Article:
Nitrogen oxide emissions are decreasing and have fallen by 72 per cent since 1970 and 27 per cent since 2010.
The government aims to reduce emissions of nitrogen oxides (from the 2005 baseline) by 73 per cent by 2030.
Sulphur dioxide (SO2)
Emissions of sulphur dioxide are decreasing and have fallen by 97 per cent since 1970.
The government aims to reduce emissions of sulphur dioxide (from 2005 baseline) by 88 per cent by 2030.
The report calls for the government to consider increased funding for energy efficiency in fuel-poor homes, as well as a widespread publicity campaign for its promised new energy advice service and policies to incentivise home-owners to improve their properties.
The committee also said it supports moving the costs of historical green subsidies off electricity bills and into general taxation to cut energy costs and encourage people to move to electric heat pumps.
But more recent arrangements for paying for renewables are saving consumers money through cheap wind power.
The installation of insulation measures ‘fell off a cliff’ a decade ago, according to the committee’s chief executive, Chris Stark.
He described the situation as a ‘complete tale of woe’, with an industry devastated by the removal of support in 2012 being expected to gear up again and consumers expected to demand energy efficiency without any policy measures to support them.
‘We call this shocking, that’s what it is,’ he said.
‘We absolutely must be doing something about this at scale; making homes better insulated is absolutely a critical factor, especially when we’re experiencing such high energy prices.’
Mr Stark said there are better ways to deal with high energy prices than the package of payments announced by Chancellor Rishi Sunak, who, he said, should be supporting insulation to save on bills.
CCC director of analysis Mike Thompson said: ‘There has never been a better time to insulate your house, with gas prices at the levels that they are, the pressure on imports and energy security.
‘This is the time for the government to be bold and to help people to do what a lot of people want to do anyway,’ he said.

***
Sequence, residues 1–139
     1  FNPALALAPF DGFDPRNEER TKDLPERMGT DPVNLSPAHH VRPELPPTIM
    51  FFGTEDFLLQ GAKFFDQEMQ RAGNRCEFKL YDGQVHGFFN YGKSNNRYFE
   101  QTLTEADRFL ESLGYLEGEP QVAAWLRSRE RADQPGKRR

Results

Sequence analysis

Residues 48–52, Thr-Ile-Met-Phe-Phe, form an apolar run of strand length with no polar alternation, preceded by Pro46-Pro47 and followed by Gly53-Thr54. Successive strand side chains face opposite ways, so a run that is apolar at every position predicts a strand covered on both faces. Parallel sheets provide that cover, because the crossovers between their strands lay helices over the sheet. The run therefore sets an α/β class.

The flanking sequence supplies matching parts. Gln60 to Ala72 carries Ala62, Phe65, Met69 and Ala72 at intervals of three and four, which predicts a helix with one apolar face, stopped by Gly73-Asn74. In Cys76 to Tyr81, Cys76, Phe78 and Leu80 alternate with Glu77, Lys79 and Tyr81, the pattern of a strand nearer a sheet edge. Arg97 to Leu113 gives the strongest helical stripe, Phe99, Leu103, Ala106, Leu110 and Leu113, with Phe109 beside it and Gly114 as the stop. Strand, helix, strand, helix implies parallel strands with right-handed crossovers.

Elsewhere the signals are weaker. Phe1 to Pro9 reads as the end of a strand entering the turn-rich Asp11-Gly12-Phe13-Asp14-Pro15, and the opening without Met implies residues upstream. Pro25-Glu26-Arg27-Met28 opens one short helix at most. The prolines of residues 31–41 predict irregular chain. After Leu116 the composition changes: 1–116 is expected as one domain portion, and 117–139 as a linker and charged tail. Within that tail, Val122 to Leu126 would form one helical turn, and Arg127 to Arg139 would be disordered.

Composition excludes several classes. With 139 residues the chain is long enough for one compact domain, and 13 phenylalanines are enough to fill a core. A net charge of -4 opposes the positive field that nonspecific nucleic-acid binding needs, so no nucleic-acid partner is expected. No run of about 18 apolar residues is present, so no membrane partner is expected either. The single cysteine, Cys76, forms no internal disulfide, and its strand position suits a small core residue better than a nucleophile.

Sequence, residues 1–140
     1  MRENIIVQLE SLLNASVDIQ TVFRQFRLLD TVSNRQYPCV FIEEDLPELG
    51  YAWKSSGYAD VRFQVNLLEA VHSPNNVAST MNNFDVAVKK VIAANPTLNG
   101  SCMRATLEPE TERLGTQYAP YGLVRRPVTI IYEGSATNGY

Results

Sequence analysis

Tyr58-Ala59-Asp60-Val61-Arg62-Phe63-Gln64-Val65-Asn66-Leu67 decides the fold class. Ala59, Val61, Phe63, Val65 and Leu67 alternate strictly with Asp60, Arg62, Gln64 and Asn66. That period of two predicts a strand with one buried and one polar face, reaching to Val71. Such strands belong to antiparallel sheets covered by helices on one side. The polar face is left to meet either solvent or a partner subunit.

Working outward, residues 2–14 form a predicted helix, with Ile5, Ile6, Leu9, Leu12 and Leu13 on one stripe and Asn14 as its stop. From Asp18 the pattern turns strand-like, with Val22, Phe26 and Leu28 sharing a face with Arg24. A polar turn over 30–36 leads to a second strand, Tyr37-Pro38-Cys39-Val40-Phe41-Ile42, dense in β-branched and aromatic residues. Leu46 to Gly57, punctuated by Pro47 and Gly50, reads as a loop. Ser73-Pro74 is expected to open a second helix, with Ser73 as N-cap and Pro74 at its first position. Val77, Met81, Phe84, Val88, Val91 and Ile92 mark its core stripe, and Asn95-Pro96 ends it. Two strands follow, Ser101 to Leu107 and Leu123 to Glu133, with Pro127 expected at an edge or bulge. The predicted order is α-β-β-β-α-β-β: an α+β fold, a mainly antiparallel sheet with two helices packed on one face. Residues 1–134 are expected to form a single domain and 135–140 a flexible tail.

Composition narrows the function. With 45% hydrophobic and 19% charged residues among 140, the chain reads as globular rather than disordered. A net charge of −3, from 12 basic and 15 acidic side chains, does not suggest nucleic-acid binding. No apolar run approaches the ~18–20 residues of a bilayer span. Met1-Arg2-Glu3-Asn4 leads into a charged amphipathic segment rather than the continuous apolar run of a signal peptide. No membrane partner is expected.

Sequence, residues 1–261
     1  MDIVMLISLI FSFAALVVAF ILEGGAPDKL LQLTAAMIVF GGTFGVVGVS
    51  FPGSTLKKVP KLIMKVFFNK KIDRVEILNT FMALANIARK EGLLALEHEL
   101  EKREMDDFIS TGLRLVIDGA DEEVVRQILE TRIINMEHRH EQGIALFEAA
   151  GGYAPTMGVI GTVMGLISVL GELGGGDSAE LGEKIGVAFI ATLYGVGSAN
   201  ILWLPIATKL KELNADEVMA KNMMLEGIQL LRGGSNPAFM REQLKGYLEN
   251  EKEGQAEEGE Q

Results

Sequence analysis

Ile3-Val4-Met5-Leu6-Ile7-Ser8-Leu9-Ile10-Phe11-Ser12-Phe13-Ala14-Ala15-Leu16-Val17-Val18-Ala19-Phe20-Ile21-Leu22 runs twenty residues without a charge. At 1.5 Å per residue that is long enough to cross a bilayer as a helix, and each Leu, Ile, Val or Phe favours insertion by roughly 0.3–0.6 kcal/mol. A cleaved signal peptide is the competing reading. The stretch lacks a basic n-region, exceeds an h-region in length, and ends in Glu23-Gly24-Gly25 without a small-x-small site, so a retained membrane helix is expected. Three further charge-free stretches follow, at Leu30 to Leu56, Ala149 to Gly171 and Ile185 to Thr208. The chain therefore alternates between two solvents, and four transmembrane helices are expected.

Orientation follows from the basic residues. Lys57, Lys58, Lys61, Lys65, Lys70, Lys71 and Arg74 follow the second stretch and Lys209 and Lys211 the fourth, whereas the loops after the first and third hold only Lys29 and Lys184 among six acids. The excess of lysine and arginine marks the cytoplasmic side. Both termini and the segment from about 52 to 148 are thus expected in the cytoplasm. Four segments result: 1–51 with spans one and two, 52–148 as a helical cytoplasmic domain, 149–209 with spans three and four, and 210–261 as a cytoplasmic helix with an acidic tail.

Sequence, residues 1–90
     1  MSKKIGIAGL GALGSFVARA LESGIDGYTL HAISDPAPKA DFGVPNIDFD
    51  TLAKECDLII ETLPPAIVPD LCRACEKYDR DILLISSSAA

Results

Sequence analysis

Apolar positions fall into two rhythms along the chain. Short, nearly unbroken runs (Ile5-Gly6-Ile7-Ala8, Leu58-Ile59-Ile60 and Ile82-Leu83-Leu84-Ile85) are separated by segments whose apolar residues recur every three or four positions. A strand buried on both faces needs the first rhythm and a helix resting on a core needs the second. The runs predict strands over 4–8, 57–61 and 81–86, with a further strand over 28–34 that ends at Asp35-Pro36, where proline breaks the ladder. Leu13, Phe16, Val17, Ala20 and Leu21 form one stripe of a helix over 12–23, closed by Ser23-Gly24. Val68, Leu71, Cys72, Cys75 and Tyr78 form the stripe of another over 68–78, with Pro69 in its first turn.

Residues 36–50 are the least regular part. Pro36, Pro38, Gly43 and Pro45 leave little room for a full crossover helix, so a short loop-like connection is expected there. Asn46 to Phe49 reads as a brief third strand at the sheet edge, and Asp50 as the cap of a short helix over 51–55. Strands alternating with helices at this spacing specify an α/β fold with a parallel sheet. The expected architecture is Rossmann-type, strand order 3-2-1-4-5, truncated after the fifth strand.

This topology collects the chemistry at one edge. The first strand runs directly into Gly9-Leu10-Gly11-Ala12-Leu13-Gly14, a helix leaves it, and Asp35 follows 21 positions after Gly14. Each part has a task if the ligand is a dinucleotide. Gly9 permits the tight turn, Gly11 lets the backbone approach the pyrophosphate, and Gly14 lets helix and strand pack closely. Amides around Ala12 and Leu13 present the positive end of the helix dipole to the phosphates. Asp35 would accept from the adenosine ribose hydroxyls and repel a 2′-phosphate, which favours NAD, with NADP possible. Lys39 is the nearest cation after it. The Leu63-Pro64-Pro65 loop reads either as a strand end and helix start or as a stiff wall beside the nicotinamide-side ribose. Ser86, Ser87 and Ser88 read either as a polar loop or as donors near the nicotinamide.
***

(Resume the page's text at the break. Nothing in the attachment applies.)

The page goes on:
The annual report said UK greenhouse gases are now almost half (47 per cent) their 1990 levels, with emissions rising 4 per cent in 2021 as the economy began to recover from Covid-19 but still 10 per cent below 2019 levels.
Advisers also warned that the public are increasingly concerned about climate change but people are not sure how they can best take action, with greater engagement needed.
For the first time this year the committee has set out progress against a series of on-the-ground changes that need to be made across society to keep the UK on track to end its contribution to climate change.
CCC chairman Lord Deben said the government should provide people with the information they need in areas such as insulating homes, which he said is not being the ‘nanny state’, and work with local authorities to deliver on energy efficiency.
When it comes to flying, the CCC suggests reversing the cut to air passenger duty brought in last year, as well as introducing other taxes and frequent flyer levies to encourage people not to travel by plane so much
He added: ‘The UK is a champion in setting new climate goals; now we must be world-beaters in delivering them.
‘In the midst of a cost-of-living crisis, the country is crying out to end its dependence on expensive fossil fuels.
‘I welcome the government’s restated commitment to net zero, but holes must be plugged in its strategy urgently.’
He rated the government nine out of 10 for the targets it has set, but only four out of 10 for delivery of action on climate change.
A spokesperson for the government said: ‘The UK is forging ahead of most other countries with around 40 per cent of our power now coming from cleaner and cheaper renewables.
‘This is backed up by £6bn of funding to make our homes and buildings more energy efficient, planting up to 30,000 hectares of new trees a year, and more electric cars than ever before on our road.
‘[We are] decarbonising our cars and vans faster than any other developed country.’
THE PARIS AGREEMENT: A GLOBAL ACCORD TO LIMIT TEMPERATURE RISES THROUGH CARBON EMISSION REDUCTION TARGETS
The Paris Agreement, which was first signed in 2015, is an international agreement to control and limit climate change.
It hopes to hold the increase in the global average temperature to below 2°C (3.6ºF) ‘and to pursue efforts to limit the temperature increase to 1.5°C (2.7°F)’.
It seems the more ambitious goal of restricting global warming to 1.5°C (2.7°F) may be more important than ever, according to previous research which claims 25 per cent of the world could see a significant increase in drier conditions.
The Paris Agreement on Climate Change has four main goals with regards to reducing emissions:
1) A long-term goal of keeping the increase in global average temperature to well below 2°C above pre-industrial levels
2) To aim to limit the increase to 1.5°C, since this would significantly reduce risks and the impacts of climate change
3) Governments agreed on the need for global emissions to peak as soon as possible, recognising that this will take longer for developing countries
4) To undertake rapid reductions thereafter in accordance with the best available science
Source: European Commission